|Philippe Hantson, MD, PhD||Université Catholique de Louvain, Brussels, Belgium|
|Thierry Duprez, MD||Université Catholique de Louvain, Brussels, Belgium|
A 54-year-old man presented to the emergency department with a Glasgow Coma Score of 8 after throwing himself out of a window. Right periorbital and conjunctival blood infiltration were noted, with complete ophthalmoplegia and loss of the pupillary light reflex. On the third day, a systolic bruit became audible over the right eyeball [(Figure 1A) Click on image for audio]. The CT with contrast (Figure 1B) demonstrated a wide unilateral enlargement of the right cavernous sinus (white arrow) and of the superior ophthalmic vein (arrowhead), together with multiple bone disruptions, including the sphenoid bone (black arrows). This was consistent with the diagnosis of traumatic carotid cavernous fistula (TCCF). A TCCF arises from direct traumatization of the internal carotid artery within its cavernous course. It is a relatively rare complication of head trauma, with a global occurrence rate ranging from 0.17 to 1.01%.1Usually TCCF are found after fractures of the middle third portion of the facial bone. When they are of high-flow type, they develop within a short period after injury.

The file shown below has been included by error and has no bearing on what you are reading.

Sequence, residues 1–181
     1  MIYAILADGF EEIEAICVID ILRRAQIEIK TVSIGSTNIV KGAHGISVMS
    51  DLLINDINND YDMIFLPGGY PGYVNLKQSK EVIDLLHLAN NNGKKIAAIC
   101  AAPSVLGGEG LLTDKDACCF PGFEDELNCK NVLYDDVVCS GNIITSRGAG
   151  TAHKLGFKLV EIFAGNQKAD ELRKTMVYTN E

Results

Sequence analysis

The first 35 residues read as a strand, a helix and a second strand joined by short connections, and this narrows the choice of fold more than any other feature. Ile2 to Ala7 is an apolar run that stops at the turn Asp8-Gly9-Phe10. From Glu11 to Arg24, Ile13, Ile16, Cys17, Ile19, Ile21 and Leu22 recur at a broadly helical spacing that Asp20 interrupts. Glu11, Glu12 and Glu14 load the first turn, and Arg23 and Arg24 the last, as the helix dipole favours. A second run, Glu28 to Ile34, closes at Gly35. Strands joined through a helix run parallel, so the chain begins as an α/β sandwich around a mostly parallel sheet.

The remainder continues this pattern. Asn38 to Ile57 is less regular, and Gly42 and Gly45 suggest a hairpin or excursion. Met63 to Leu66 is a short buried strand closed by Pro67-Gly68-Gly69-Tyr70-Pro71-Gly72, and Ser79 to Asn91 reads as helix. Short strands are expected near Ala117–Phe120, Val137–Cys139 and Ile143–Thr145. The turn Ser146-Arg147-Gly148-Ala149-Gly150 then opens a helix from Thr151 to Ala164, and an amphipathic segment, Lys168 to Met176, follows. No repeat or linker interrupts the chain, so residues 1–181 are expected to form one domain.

The diagnosis of TCCF is difficult in comatose patients. Complete ophthalmoplegia, with an ocular bruit, should prompt careful analysis of the head CT scan. High-flow TCCFs should be treated as a relative emergency. They may cause secondary neurological deficits due to flow steal from the intracranial carotid artery or ophthalmologic complications secondary to venous congestion. Endoarterial detachable balloon embolization is the treatment of choice.2
Supervising Section Editor: Kurt R. Denninghoff, MD
Submission history: Submitted February 27, 2008; Revision Received June 30, 2008; Accepted September 12, 2008.
Full text available through open access at http://escholarship.org/uc/uciem_westjem
Address for Correspondence: Philippe Hantson, MD, PhD. Cliniques St. Luc, Avenue Hippocrate 10, Brussels 1200, Belgium
Conflicts of Interest: By the WestJEM article submission agreement, all authors are required to disclose all affiliations, funding sources, and financial or management relationships that could be perceived as potential sources of bias. The authors disclosed none.
1. Takenoshita Y, Hasuo K, Matsushima T, Oka M. Carotid-cavernous sinus fistula accompanying facial trauma. Report of a case with a review of the literature. J Craniomaxillofac Surg. 1990;18:41–45. [PubMed]
2. Higashida RT, Halbach VV, Tsai FY, Norman D, Pribran HF, Mehringer CM. Interventional neurovascular treatment of traumatic carotid and vertebral lesions: results in 234 cases. Am J Roentgenol. 1989;153:577–582. [PubMed]